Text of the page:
Holistic Psychotherapy

“ Holistic Psychotherapy, for me is providing clients an ego supportive positive psychology approach that includes safe touch, Reiki and energy somatic experiencing, hatha yoga, meditation, Breathing exercises, visualization, guided imagery, aromatherapy, herbal medicine, and spirituality, as the need arises, and based on the client’s interest”

The word holistic implies, whole, complete, comprehensive, or as I like defining it inclusive of energetic, physical and subtle) MIND, SPIRIT, and of all living things. 

Consequently, it would be accurate to say that healers, body and energy therapist, psychotherapist, doctors, shamans, and others that practice Holistic Medicine, would probably define holistic therapy according to what they include in their practices.

My definition of Holistic Psychotherapy evolved over time.  As my understanding of the impact of abuse, neglect and trauma grew, so did my commitment to my own healing and to discover, educate and prepare myself to be of service to those seeking my support.

What do I use when working with survivors?yoga 657054 640

It all started with the mental, behavioral, and psychological training I acquired from my clinical studies throughout social work school and other clinical post graduate training.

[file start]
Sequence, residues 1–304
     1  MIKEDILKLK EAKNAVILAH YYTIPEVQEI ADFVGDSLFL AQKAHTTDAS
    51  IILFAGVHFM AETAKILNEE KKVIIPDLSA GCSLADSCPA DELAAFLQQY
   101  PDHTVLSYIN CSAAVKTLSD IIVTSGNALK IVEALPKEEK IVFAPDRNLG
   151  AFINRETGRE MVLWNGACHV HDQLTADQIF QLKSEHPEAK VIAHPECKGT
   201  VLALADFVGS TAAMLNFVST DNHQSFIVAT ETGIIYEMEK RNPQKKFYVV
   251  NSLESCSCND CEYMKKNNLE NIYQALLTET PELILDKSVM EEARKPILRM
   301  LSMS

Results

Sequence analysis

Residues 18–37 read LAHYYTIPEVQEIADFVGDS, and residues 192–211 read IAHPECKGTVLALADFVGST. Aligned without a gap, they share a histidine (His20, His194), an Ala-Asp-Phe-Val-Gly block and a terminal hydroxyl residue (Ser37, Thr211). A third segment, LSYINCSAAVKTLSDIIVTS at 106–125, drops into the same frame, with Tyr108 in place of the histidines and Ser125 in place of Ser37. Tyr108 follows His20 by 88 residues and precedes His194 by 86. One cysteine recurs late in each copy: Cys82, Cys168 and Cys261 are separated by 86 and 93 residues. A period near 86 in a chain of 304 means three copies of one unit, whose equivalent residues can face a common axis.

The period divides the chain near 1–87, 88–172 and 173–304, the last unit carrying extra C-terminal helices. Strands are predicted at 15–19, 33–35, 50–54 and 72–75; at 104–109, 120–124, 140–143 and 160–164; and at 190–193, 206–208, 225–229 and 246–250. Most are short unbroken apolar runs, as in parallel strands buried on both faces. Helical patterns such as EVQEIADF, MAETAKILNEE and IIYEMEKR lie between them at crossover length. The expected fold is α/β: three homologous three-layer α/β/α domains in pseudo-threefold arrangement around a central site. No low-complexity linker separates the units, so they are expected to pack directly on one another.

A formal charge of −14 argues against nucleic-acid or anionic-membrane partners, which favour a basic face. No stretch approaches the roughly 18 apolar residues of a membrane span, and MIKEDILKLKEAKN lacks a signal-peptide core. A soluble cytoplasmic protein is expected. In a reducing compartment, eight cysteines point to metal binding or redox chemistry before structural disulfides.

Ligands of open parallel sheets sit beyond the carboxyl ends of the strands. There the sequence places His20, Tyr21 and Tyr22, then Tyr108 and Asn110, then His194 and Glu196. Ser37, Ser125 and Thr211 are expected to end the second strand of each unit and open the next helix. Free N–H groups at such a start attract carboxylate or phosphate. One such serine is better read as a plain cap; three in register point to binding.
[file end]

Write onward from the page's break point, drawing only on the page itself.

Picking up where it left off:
Shortly after, I became interested in body work.  It became clear to me that the body held memories; often memories that the mind had forgotten, or perhaps was never able to process, witness or tolerate acknowledging. 

This awareness led to my interest and dedication to body work and massage therapy.  I started incorporating, what I then called Psycho-Therapeutic Bodywork, a process oriented physical massage. 

It was during this time that I studied and included in my practice other medicinal/healing approaches.

I found that including essential oils and aromatherapy in the treatment, for some, provided the grounding, calming, clarity, detoxification and even the access to memories that would otherwise just be experienced on a body level.

I started learning about practices that spoke of energy.  Taking courses in foot reflexology, Chakra healing, Safe Touch and becoming a Reiki Master.  

By now, I had developed my own Yoga Practice.  And before I knew it, I was teaching Level I Yoga, Meditation and Breathing exercises.  My time at the Ashram resulted in obtaining a Teacher Training Certification which prepared me to teach classes, but also learn how Yoga supported, mind, body and spirit well-being. And most excitedly, to identify poses that would help the healing of survivor’s sexual trauma.

Soon after, I had added discussions and client education on the use of medicinal herbs.  These suggestions became essential to those seeking non pharmaceutical interventions to address issues of depression,  anxiety, panic, sleep challenges, irritability, anger, dissociation, lack of energy, and even indigestion and inflammation,  to name a few.   There are times when I talk to clients about their beliefs, spirituality and even religion.

Bottom line, I invite clients to create their unique healing experience.  I often say,

“My commitment is to offer you a safe place to heal, and to introduce you to as many options as possible.